11 Facts About The Summer Of Love

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11 Facts About The Summer Of Love

11 Facts About The Summer Of Love

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The Summer of Love, which spanned nearly a full year, stands as an important period in the United States’ countercultural history. Many of the period’s after-effects linger longer than hippie fashion managed to survive. Here are some key facts:

1. The Summer of Love began in the winter. The phenomenon’s lead-in, Human Be-In, occurred on January 14, 1967 in San Francisco’s Golden Gate Park. The event was coordinated by artist Michael Bowen and culminated in a speech from famed LSD guru, Timothy Leary: “Turn on, tune in, drop out.” LSD had only just been declared illegal when Leary’s advocacy pushed it into high demand.

2. The Human Be-In directly influenced Hair, the musical: Co-authors James Rado and Gerome Ragni were enthralled by the event. They let their hair grow out and considered the act to be “very important historically.” The musical, which opened in October 1967, allowed those not in attendance to vicariously experience the Be-In.

3. The Summer of Love got under full swing in San Fran’s Haight-Ashbury neighborhood: Musician Joan Boaz gathered along with many thousands of gatherers to form a countercultural rebellion. The neighborhood was full of Victorian rooming houses, which formed an ideal environment for the influx of college students out for the summer. The pilgrimage overwhelmed the neighborhood.

4. Law enforcement’s attempts to stop the movement didn’t help: Media attention from newspaper articles and television programs only added fuel to the hippie momentum. The free love movement quickly deteriorated, and the neighborhood was affected by overcrowding and drug-related crime.

5: NYC, Los Angeles, Chicago, and Atlanta formed other mini-epicenters: The movement also spread to Europe and created a perfect storm of drugs, music, creativity, and sexual freedom for the hippie counterculture.

7: The Monterey Pop Festival in June attracted 30,000 hippies: John Phillips and Scott McKenzie’s song, “San Francisco (Be Sure to Wear Flowers in Your Hair),” was a driving force for the festival: “If you’re going to San Francisco,be sure to wear some flowers in your hair…If you’re going to San Francisco, Summertime will be a love-in there.” The song hit #4 on the US Billboard charts and #1 in the UK.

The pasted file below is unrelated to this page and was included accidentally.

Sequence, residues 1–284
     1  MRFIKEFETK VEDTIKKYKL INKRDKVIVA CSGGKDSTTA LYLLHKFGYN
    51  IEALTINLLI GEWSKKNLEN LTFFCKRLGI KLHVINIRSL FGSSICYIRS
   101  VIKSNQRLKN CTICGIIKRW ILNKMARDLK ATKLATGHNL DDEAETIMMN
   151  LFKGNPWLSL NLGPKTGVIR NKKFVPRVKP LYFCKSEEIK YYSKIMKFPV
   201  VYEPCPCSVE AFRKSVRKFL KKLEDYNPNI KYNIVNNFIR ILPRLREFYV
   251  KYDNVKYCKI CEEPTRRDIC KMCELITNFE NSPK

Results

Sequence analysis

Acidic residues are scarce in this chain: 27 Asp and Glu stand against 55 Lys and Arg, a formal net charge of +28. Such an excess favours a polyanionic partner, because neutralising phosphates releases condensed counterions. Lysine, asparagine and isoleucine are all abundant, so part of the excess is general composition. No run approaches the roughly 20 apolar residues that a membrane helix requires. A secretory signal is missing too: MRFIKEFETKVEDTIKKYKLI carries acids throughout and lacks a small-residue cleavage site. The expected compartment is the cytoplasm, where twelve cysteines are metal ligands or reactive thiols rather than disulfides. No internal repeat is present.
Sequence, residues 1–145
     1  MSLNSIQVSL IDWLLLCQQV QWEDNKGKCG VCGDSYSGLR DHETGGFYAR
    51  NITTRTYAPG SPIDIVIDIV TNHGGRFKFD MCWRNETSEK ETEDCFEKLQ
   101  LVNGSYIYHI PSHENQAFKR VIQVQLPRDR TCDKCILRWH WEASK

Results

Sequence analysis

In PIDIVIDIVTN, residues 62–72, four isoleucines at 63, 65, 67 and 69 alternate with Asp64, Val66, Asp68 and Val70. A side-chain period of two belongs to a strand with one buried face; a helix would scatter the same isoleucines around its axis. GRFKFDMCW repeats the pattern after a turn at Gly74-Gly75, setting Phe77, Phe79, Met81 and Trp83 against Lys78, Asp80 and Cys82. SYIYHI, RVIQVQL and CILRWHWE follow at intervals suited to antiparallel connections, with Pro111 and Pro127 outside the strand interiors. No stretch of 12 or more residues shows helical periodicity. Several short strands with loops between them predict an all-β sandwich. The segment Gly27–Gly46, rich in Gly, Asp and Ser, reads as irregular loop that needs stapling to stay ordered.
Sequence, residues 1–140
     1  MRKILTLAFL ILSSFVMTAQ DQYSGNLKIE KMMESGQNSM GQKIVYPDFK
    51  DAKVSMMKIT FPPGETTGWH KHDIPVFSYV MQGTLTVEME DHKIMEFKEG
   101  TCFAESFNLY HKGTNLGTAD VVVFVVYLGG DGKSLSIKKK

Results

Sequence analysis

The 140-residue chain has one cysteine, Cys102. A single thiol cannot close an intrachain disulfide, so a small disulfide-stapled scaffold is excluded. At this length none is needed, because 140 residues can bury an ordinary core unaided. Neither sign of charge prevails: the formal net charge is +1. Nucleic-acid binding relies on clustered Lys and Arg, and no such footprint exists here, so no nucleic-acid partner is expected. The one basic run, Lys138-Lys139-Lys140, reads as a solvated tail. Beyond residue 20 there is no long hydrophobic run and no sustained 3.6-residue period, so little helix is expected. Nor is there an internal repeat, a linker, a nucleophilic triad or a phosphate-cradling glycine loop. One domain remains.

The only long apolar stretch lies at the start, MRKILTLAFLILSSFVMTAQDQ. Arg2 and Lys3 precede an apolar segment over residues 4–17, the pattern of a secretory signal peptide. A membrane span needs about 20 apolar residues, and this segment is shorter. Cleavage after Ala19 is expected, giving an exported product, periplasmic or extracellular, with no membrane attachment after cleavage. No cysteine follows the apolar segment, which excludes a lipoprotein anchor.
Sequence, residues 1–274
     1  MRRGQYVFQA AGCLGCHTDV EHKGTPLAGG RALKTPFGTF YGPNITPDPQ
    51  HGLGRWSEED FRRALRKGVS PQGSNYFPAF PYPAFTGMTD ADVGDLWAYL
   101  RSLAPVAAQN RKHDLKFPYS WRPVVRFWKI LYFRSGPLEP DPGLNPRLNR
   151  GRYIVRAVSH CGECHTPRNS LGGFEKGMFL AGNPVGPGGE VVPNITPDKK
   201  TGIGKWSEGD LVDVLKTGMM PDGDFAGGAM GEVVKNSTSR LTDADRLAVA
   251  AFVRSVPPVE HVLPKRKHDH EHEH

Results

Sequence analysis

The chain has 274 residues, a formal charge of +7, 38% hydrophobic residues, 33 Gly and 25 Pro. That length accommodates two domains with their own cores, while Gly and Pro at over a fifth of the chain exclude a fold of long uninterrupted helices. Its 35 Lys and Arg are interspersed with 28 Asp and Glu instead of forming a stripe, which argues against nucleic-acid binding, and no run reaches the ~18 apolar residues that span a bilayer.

7. The Monterey Festival solidified the movement: By the end of the festival, attendees blossomed to 60,000 per day. Performers included Jimi Hendrix, The Byrds, Otis Redding, Grateful Dead, The Who, Janis Joplin, and Jefferson Airplane.

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8: A group of roadies stole Jerry Garcia’s amps. They used them to hold free “guerrilla concerts” in Golden Gate Park before returning them unharmed to Garcia.

9: Critic Kenneth Tynan referred to June 1 as a “decisive moment in the history of Western civilization”: A bit dramatic, considering he was talking about the release of The Beatles’ “Sgt. Pepper’s Lonely Hearts Club Band.” This anthem of psychedelic rock set the summer’s tone and featured many historical figures and actress Mae West on the album’s cover.

10: Hunter S. Thompson dubbed Haight-Ashbury as “Hashbury”: The district offered tours called the “Hippie Hop.” After drugs dissembled the neighborhood, many hippies packed up, left San Francisco, and moved to Marin County.

11: A mock funeral, “The Death of the Hippie,” occurred on October 9. This signaled the end of the movement and encouraged the hippies to spread their movement elsewhere. The Flower Children took the message across the states and as far away as New Zealand and Japan.

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Related topics Beatles, Counterculture, Grateful Dead, Hippies, Hunter S. Thompson, Janis Joplin, Movements, Music
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